Emerging Infections of International Public Health Importance





Module 3:  Public Health Response  
LECTURE 4 Readings

WHO ResponseóSARS and Emerging Infections

David Heymann, MD

Dr. David Heymann is the World Health Organizationís Representative of the Director-General for Polio Eradication. Dr Heymann was appointed as the Executive Director, Communicable Diseases in July 1998. In this post, he has been responsible for the elimination of leprosy; the control of tropical diseases; emerging and other communicable diseases surveillance and control; tuberculosis; the prevention of blindness and deafness; and research and training in tropical diseases. He is well known for his recent success in the control of the 2003 SARS outbreak.  


  1. The reasons that emerging infectious diseases are important internationally
  2. The ways in which international public health legislation can help in stopping the international spread of infectious diseases
  3. The importance of international collaboration on emerging public health issues


Emerging/re-emerging infectious diseases 1996-2004

The most important message about this map is not the names but that on every populated continent there has been an emerging or re-emerging infectious disease.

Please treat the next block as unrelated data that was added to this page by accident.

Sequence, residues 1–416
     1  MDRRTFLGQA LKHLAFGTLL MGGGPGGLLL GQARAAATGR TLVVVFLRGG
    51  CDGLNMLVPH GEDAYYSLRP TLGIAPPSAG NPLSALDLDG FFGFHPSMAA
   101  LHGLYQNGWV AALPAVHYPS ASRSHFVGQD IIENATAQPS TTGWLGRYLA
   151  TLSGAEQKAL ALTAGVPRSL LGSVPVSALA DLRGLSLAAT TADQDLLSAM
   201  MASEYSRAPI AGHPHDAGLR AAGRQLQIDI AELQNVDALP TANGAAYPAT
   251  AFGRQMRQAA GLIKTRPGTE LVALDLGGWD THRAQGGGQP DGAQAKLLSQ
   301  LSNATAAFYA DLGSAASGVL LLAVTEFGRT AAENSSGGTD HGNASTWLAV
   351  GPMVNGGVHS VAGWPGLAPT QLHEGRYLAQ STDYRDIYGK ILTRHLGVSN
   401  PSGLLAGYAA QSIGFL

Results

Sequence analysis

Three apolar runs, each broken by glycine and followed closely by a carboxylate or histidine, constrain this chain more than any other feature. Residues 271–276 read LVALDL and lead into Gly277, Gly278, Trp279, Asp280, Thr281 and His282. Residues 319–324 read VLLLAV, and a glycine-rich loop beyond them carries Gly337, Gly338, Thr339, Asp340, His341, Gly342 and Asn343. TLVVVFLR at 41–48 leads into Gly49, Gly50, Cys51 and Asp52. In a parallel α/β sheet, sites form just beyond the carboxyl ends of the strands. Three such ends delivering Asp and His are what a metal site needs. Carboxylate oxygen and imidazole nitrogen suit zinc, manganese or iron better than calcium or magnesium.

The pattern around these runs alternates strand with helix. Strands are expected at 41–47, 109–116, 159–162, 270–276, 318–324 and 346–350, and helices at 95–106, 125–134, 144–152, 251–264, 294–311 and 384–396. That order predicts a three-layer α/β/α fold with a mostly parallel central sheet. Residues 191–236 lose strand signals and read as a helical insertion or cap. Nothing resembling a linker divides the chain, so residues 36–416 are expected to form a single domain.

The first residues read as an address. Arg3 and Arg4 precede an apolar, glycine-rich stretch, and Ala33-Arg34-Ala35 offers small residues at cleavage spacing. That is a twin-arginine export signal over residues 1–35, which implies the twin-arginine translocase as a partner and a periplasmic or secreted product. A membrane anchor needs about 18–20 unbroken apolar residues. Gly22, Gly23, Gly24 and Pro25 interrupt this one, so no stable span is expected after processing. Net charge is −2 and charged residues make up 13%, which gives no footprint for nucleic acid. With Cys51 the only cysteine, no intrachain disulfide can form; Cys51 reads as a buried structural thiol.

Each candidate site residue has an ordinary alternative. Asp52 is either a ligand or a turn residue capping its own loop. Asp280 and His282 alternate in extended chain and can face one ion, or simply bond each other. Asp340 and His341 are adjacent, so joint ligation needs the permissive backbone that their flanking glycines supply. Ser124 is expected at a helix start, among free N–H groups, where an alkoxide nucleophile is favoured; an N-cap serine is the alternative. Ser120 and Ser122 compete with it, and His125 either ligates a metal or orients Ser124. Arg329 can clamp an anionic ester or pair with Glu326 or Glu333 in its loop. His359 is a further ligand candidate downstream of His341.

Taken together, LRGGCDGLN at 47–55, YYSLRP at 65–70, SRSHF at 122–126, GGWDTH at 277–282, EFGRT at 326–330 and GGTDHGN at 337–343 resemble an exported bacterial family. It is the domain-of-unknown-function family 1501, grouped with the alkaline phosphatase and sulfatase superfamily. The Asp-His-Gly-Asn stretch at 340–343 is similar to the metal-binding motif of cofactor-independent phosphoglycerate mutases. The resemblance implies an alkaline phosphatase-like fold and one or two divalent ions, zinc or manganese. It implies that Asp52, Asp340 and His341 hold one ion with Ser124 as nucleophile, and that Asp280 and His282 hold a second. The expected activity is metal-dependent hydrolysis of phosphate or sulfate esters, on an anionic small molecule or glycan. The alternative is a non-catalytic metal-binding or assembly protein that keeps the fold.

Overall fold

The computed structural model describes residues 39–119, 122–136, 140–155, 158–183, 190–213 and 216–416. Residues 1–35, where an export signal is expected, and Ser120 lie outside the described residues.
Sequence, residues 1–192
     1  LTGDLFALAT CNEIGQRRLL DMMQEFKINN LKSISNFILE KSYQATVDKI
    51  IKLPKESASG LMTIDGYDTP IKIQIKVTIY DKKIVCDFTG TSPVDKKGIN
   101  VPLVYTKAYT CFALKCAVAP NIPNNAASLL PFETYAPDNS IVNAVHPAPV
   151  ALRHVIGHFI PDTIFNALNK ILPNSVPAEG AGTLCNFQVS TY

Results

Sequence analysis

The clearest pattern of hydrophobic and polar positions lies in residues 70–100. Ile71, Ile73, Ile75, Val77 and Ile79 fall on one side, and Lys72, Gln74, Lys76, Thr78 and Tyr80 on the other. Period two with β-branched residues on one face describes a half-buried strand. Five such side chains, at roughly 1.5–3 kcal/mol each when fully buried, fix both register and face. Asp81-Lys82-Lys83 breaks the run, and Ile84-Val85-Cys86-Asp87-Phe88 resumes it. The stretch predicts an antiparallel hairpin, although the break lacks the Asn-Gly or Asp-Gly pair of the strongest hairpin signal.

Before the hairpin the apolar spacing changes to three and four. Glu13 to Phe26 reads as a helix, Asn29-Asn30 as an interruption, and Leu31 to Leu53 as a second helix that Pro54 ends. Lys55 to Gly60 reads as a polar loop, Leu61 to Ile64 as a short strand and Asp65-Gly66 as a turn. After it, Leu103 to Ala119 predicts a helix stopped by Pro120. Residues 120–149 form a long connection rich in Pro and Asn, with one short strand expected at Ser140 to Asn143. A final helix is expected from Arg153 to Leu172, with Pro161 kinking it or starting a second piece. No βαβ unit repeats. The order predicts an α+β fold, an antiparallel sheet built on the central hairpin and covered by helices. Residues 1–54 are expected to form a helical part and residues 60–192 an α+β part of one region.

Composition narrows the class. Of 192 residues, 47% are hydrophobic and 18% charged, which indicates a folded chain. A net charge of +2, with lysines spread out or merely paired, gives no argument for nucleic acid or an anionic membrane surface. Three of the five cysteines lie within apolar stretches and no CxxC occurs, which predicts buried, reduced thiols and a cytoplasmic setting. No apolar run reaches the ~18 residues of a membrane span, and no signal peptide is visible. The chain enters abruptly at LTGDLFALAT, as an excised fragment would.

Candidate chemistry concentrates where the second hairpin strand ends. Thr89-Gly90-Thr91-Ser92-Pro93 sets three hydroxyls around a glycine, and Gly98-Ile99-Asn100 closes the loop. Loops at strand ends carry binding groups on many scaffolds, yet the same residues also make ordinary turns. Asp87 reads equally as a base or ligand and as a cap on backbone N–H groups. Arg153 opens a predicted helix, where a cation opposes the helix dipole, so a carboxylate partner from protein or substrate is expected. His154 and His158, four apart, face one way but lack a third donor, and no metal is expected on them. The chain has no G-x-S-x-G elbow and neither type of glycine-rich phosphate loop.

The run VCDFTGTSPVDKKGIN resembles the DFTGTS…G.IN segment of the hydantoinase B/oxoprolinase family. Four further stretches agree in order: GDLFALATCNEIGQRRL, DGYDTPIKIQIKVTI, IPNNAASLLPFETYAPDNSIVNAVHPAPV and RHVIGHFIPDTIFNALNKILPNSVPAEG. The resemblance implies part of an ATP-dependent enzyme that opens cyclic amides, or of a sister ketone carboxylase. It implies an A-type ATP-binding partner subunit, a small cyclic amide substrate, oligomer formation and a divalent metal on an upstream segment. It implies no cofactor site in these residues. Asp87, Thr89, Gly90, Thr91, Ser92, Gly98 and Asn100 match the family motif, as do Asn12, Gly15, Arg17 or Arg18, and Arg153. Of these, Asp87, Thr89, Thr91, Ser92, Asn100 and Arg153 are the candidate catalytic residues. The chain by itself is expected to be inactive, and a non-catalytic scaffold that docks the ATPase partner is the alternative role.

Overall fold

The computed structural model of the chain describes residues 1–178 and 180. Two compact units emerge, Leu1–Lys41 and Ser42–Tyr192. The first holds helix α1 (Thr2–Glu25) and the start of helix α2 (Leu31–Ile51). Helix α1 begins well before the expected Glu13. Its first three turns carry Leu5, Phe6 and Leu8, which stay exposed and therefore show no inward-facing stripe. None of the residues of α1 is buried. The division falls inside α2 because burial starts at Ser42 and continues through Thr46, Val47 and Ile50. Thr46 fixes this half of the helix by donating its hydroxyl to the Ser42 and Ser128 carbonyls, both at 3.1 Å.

[Figure:   Emerging/re-emerging infectious diseases 1996-2004]

This map shows just some of the infections which occurred between 1996 and 2004. They cause a great deal of human suffering and economic impact.

In the 14th century there was a quarantine for the plague in Venice. The quarantine was designed to keep ships at bay for 40 days before they could be allowed to dock, thereby keeping plague out of Venice at the time. Since then, and especially since the 19th century, travel has become easier and more important as a means of spreading infectious agents. This slide shows the various international health regulations that have been in place since the 14th century.

[Figure:   From Quarantine to International Health Regulations]


International health regulations

The international health regulations (IHR) are actually a set of three guidelines. The first are the regulations themselves. The second is a guide to ship sanitation and the third is a guide for hygiene and sanitation in aviation. These guides set out norms and standards for seaports and airports. They were designed to ensure maximum security against the international spread of disease with minimal interference in world traffic. Now the International Health Regulations are outdated; they require reporting of only three infectious diseases: smallpox, plague and cholera.